Taking the lead in the Stars Hollow Gazette was the desperate way she found to fill her time in a way that kept her connected to journalism — even though the citizens are more concerned with the seasonal first-page poem. When she decides to write a book about her relationship with her mother, a suggestion from Jess Milo Ventimiglia , Rory seems to have found her true project. It is comprehensible that Rory clings to the idea of the book because, amongst her great professional crisis, it comes as a gift and gives her a north.

Rory is not a monster for it, of course. These are desperate times for her obviously according to her point of view, that of someone who still has a ceiling to live under and means to travel around as she wishes. Who can judge her so easily? Who would give up such a concrete, real and doable project, when there is nothing left? What we see in Rory throughout the revival, what bothers us, is the presumption that she deserves certain things simply because.

Rory has all the right in the world to believe she can do something better than working in a hip website — showing a very conservative opinion, by the way, of what it takes to be a Real ProfessionalTM. Rory also has the right to think that writing about people queuing in lines in order try new things everyone is talking about is boring. But her choice to look down on both things as if they were inferior creates a profound unease, because it sounds as if Rory still believes on the version of facts people used to sell her when she was little: In an interview with Vogue , she declared that she gave the character this complicated path because it seemed very real to her.

However, regardless of their intention, it was still a bad call, a badly stitched attempt at multitasking that is unable to not make anything coherently. Why is Rory still put on a pedestal, as if her conflicts were so much bigger, so much more complex than the feelings of many others that find themselves in the same situation?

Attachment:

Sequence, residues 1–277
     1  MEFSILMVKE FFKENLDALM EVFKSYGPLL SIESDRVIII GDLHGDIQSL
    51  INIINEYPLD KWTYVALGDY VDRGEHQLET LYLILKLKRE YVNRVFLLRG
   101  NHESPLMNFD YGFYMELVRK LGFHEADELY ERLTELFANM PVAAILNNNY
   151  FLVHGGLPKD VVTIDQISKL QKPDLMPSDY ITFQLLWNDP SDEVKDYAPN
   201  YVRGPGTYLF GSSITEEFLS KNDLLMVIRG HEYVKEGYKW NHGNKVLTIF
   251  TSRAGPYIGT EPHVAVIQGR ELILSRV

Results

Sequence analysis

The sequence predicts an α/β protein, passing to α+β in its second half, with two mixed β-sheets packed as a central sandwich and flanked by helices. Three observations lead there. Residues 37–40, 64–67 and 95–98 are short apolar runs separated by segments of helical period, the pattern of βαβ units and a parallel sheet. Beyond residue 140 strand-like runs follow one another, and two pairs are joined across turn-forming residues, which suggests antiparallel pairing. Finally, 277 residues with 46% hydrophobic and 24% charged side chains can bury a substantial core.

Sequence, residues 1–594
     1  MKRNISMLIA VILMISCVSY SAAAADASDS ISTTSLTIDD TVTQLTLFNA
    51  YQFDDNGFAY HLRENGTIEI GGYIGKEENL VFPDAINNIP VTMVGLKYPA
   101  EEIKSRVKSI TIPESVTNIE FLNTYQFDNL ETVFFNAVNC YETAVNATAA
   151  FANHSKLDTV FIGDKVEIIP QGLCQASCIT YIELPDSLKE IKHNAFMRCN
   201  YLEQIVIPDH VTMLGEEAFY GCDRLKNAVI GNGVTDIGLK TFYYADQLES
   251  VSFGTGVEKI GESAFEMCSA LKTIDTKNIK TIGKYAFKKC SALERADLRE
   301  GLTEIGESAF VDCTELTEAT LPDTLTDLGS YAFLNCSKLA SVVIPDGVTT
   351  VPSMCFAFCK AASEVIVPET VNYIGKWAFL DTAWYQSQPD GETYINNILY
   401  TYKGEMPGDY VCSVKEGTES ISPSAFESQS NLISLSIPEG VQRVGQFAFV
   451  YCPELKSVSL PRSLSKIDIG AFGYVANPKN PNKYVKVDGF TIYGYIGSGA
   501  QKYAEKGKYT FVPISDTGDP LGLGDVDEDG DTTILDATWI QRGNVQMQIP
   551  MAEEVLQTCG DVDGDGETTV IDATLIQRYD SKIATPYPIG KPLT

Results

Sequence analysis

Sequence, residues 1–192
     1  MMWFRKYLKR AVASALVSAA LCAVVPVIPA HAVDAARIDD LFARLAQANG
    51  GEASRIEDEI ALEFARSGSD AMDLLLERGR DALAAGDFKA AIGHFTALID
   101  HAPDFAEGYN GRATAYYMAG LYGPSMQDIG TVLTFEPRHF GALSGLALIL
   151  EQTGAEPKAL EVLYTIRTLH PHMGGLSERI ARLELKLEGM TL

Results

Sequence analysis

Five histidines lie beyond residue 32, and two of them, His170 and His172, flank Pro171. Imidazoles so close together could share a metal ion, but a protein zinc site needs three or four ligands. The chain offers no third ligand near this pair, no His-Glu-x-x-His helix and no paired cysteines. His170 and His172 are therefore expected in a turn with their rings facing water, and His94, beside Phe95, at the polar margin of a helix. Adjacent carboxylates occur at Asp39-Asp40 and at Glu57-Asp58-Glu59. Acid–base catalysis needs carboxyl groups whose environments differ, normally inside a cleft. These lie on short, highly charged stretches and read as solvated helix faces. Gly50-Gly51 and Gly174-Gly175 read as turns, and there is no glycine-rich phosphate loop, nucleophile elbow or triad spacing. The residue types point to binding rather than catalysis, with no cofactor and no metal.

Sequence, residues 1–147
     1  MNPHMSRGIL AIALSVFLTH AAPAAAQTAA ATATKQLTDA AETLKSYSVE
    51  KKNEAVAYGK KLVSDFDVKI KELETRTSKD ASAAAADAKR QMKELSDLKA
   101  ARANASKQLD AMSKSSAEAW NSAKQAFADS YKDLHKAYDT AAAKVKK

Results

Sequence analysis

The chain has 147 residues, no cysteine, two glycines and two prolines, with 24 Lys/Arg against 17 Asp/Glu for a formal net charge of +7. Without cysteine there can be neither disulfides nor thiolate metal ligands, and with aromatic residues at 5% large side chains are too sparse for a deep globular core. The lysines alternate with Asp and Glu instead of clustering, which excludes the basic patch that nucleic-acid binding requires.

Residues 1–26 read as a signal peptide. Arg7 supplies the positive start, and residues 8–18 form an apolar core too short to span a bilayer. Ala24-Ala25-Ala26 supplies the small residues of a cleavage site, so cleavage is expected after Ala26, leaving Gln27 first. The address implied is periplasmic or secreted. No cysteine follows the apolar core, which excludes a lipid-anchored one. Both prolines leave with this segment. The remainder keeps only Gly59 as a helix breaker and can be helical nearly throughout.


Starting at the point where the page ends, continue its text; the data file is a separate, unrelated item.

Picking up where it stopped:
To problematize or not the Rory Gilmore we have last seen is a hard task because the truth is that analysing the revival critically is a complicated — and a bit ungrateful — task. The Palladinos seem to have never accepted their own premature departure from the series or the ending it was given without their approval, just like they seem to have not accepted the fact that ten years that separate the series finale and their chance to revive it on their own terms.

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What is left to see, even when we glance beyond Rory at Luke and Lorelai, for example, and the fact that they did not discuss marriage and kids for nearly a decade , is that the Palladinos decided to write a story that did not remain frozen in time in theory — time left its mark on the cast, after all — but did in practice.

But the way in which they coped with the unexpected paths life takes seems rather immature, contradicting the foundations of their own story. Rory Gilmore is still the complex and human character she always was, but ten years later perhaps she is no longer the woman with whom we identified so long — or not so long — ago; the girl that inspired us deeply the way only well-constructed and coherent characters can do.

For better or worse, Rory Gilmore has grown, became a woman who is far from what we expected, but this does not make her a monster. Life is not a magical genie lamp that grants us all our wishes, and Rory learned it the hard way.

However, in choosing to treat her once again as a little snowflake, Gilmore Girls: A Year in the Life shows a reductionist view of an entire generation, disregarding the fact that the privileged youngsters who had a great education and constant parental support are not all simply spoiled people who believe they are too good to do anything other than the dream job, and that behind all the frustrations there is a world of expectations and pressures that do not exist in the void.